On the West African savannah, there's an extraordinary village in Burkina Faso called Tiébélé. It's been settled since the 15th century by the royal court of the Kassena people. There is something very special about this village's earthen architecture.
Each home is a work of art. Although the village is closed to tourists, photographer Rita Willaert traveled to Tiébélé in 2009 and took these incredible photos.
The villagers have had some interest in opening up their community to tourists for economic reasons, but there's a great concern about the conservation of their structures and traditions as well. To date, Tiébélé is still very isolated.
Travel blogger Olga Stavrakis writes of the village, "… It was only through a process of year long negotiations that we were permitted to enter the royal palace the entrance of which is pictured here. They were awaiting us and the grand old men of the village, the nobility, were all seated waiting for us. Each of the villages has muslims and animists (local religions) and no one much cares who believes in what. However, we were told in advance that we must not wear anything red and we may not carry an umbrella. Only the chiefly noble family is permitted that privilege and to do so would constitute a great affront to our hosts… "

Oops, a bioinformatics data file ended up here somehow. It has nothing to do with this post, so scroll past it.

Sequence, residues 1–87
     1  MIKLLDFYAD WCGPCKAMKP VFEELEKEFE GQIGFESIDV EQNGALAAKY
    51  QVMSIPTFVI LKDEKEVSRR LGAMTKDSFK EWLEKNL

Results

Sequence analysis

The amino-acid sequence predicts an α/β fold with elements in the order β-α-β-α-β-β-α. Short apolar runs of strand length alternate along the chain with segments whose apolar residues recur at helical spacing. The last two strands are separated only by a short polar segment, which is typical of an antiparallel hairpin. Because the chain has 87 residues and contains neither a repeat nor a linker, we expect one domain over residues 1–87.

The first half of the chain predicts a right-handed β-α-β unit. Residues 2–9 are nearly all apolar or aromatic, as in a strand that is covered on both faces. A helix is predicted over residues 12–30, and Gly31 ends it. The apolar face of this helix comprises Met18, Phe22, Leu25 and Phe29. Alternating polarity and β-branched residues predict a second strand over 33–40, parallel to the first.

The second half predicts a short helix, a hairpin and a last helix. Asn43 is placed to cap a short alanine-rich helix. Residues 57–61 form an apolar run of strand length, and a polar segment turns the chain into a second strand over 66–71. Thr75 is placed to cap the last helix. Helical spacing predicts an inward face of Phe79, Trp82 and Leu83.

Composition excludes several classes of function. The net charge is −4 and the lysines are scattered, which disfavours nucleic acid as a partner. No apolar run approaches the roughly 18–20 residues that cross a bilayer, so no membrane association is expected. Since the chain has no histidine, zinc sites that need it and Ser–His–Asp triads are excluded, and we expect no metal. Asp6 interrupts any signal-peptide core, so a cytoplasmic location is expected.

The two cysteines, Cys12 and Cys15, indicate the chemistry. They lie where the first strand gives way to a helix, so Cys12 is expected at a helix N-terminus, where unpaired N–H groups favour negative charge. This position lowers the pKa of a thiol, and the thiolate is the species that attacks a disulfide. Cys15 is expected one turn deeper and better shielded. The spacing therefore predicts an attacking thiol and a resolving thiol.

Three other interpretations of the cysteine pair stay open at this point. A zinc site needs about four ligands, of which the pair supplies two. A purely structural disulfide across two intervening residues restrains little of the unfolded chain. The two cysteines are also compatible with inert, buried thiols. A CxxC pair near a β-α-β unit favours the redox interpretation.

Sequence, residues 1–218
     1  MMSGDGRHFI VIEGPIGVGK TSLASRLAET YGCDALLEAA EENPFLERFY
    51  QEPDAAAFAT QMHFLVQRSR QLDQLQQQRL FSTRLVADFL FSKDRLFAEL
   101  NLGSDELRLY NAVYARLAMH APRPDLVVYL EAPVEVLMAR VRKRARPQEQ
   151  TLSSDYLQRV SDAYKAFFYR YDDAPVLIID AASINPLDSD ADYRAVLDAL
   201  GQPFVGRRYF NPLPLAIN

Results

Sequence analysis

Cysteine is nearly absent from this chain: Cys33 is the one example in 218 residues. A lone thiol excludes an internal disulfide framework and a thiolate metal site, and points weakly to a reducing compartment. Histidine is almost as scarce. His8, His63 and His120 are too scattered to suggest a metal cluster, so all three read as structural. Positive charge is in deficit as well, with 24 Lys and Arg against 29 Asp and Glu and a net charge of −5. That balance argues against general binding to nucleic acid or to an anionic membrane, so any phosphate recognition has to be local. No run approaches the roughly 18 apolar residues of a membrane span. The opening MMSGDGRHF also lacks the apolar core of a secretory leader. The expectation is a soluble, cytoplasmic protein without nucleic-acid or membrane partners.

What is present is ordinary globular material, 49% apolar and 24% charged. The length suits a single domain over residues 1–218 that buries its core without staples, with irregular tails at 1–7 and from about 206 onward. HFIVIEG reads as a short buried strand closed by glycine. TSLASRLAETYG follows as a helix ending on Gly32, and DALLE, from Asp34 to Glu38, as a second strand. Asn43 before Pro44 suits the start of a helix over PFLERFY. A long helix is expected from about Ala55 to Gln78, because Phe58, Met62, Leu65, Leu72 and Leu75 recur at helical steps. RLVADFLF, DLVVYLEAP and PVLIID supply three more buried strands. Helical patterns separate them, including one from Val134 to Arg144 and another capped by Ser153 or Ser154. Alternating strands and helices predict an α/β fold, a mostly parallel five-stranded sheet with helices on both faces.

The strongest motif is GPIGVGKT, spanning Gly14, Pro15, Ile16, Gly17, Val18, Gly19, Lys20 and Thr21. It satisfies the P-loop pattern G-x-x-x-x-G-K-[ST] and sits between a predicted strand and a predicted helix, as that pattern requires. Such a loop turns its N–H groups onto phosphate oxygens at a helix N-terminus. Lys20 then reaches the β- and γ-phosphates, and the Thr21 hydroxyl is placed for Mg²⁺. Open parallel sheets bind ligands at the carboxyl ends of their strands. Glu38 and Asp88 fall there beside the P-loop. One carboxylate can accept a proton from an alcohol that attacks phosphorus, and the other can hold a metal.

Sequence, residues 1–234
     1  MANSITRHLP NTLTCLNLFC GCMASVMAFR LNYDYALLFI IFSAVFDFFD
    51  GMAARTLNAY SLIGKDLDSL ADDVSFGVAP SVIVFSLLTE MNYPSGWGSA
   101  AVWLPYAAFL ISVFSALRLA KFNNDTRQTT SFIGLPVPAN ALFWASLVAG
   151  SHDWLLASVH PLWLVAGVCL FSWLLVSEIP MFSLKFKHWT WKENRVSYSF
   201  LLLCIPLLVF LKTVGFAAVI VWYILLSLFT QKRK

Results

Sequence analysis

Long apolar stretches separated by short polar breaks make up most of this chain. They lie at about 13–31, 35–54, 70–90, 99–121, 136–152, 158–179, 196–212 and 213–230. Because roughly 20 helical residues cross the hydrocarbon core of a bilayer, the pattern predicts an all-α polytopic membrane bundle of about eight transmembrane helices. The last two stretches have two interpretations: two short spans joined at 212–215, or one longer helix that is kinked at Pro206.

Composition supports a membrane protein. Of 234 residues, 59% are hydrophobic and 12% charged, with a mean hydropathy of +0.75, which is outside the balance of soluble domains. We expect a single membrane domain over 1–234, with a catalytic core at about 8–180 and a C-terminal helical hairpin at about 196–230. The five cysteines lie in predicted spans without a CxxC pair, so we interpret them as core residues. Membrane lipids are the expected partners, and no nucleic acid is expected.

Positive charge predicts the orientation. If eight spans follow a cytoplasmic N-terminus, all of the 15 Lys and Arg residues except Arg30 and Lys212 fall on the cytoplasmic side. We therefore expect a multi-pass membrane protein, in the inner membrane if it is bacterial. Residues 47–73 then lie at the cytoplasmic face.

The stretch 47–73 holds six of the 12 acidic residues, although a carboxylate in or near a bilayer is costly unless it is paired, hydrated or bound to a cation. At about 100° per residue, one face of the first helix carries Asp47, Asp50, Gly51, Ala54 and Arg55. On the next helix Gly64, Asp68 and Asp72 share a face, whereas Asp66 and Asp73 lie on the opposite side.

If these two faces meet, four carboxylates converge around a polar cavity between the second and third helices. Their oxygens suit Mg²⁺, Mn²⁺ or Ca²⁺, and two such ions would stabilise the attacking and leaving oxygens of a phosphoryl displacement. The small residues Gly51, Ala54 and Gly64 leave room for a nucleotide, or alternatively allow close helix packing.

The chief's small door is for protection.
The interior of the structures is more simple, but still artfully elegant.
“Most meals are cooked in one pot over a brazier,” explains Olga, “There is little cutting and preparation required. They generally make a starch foofoo or thick paste like porridge which is then dipped into a sauce of vegetables and peppers. The richer the family the more goes into the sauce. Foofoo is made of cassava, yam, plantain, or corn.”